“Well, Dennis did die unfortunately. But was it a positive experience? Absolutely. Brian was there on and off, he wasn’t in great shape at the beginning, but by the end he looked great, he was physically sound. It was fun having him around.”
In fairness, it was probably less turbulent than the 1990s, which the Beach Boys largely spent suing each other over songwriting royalties, the rights to the Beach Boys name and the contents of Brian’s Landy-era “autobiography” Wouldn’t It Be Nice, which it later transpired Wilson had never actually read, let alone written. Most of the litigation seemed to stem from Mike Love: when his most recent legal claim – that Wilson’s promotion of the finished Smile album ”shamelessly misappropriated Mike Love’s songs, likeness and the Beach Boys trademark as well as the Smile album itself” – Rolling Stone gleefully reported it with the headline: “Brian Wilson finally defeats one of Mike Love’s dubious lawsuits.” By the end of the decade, Brian Wilson had left the band, as had vocalist Al Jardine, Carl had died of cancer, leaving Mike Love the sole original member, alongside Bruce Johnson, drafted in to replace Wilson after his mid-60s breakdown. More recently there seems to have been a thaw in relations. “I haven’t spoken to Bruce Johnson in years, wouldn’t even know what he looks like now, but I speak to Mike Love on the phone,” Wilson says. “It’s friendly although…” He searches for the right words. “No one wants to put their foot in the fire too long.”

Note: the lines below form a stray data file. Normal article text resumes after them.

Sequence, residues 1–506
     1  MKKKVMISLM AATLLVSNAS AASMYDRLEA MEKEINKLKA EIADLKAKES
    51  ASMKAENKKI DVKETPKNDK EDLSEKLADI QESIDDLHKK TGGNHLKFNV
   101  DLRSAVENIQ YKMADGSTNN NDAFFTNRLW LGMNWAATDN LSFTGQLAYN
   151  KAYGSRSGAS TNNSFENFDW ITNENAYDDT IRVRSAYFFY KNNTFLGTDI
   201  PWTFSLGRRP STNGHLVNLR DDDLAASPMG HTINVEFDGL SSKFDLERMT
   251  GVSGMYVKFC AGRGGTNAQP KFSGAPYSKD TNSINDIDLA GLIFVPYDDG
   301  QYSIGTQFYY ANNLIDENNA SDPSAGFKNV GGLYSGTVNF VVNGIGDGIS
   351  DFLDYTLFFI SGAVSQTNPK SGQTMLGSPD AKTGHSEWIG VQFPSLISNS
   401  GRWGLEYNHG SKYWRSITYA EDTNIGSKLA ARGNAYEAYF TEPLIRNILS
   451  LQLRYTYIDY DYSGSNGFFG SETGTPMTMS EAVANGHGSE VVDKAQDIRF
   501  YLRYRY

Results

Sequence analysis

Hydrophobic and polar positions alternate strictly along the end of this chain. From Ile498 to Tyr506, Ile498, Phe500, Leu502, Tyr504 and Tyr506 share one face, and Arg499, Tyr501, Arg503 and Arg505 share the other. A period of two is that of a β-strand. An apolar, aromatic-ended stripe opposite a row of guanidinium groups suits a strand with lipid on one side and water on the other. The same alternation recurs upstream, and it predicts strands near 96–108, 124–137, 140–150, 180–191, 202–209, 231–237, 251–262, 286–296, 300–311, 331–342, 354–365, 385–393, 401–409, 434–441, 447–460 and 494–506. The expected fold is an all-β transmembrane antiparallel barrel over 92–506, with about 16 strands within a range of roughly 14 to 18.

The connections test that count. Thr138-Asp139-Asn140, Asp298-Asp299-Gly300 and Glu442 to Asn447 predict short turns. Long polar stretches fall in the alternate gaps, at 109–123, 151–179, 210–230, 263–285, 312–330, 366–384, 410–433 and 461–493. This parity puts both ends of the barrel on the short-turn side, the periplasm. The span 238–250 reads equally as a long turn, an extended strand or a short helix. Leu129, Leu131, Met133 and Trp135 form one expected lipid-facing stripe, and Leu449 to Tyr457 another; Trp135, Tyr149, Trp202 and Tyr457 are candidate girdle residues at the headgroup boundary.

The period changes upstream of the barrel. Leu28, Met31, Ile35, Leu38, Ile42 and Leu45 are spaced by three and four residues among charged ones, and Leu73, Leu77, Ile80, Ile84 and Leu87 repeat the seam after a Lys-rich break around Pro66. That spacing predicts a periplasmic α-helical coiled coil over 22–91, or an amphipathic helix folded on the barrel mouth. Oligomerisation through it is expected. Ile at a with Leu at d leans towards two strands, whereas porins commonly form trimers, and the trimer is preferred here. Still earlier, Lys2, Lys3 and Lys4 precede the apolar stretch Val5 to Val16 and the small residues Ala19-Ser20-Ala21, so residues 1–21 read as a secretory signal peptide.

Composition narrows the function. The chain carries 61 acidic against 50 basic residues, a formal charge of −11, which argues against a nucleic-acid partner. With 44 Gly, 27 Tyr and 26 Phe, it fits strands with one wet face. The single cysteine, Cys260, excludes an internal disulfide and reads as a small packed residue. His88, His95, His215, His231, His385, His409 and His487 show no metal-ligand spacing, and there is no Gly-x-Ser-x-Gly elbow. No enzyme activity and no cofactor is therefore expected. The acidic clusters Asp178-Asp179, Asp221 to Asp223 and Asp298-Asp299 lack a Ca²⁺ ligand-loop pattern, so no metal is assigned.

Still, Love seems to have unexpectedly overcome his animosity to Smile, declaring that a forthcoming box set of the Beach Boys’ original sessions for the album features “cousin Brian at his creative peak… I’m unaware of anything that comes close in popular music.” When I read this quote to Wilson, he looks blank. Doesn’t he find it odd? “No. Why?” Van Dyke Parks is a little more effusive, or at least he is when finally he stops laughing. “I’m just incredulous. I can’t believe that he’s an enthusiast. I wouldn’t condemn him if it took him some time to come to that conclusion. I’ll just say that they have an expression in Texas that goes along with such a delayed reaction and that is: he’s a little slow out of the shoot. All hat and no cowboy,” he says, before dissolving into laughter again.
There is tentative talk of a Beach Boys reunion next year. Until then, there’s more touring and another solo album, this time of Disney songs. When Wilson’s not working, he says, he walks a mile and a half a day and listens to a local oldies radio station. He sees a psychiatrist: “He’s like a friend. He asks me, ‘How’s the family?’ He’s like a guy I pay to be my friend.” His young family exhaust him. What makes him happy? “Music.”
After meeting him, I don’t feel I’m any closer to understanding how anything in Brian Wilson’s world works or worked – not the astonishing, nonpareil burst of 60s creativity, not his latterday renaissance – but I can’t think of anything else to ask, or at least I can’t think of anything that won’t just elicit a yes or a no. If nothing else, in an age when rock stars are driven to tell the world everything, Wilson is going to go to the grave with his sense of mystery utterly intact. “Thank you for a wonderful interview,” he barks, signs my copy of Pet Sounds and heads for the door.
• Brian Wilson tours the UK from 10 September. For more information, go to livenation.co.uk.
First published online on Friday 24 June 2011 by Alexis Petridis.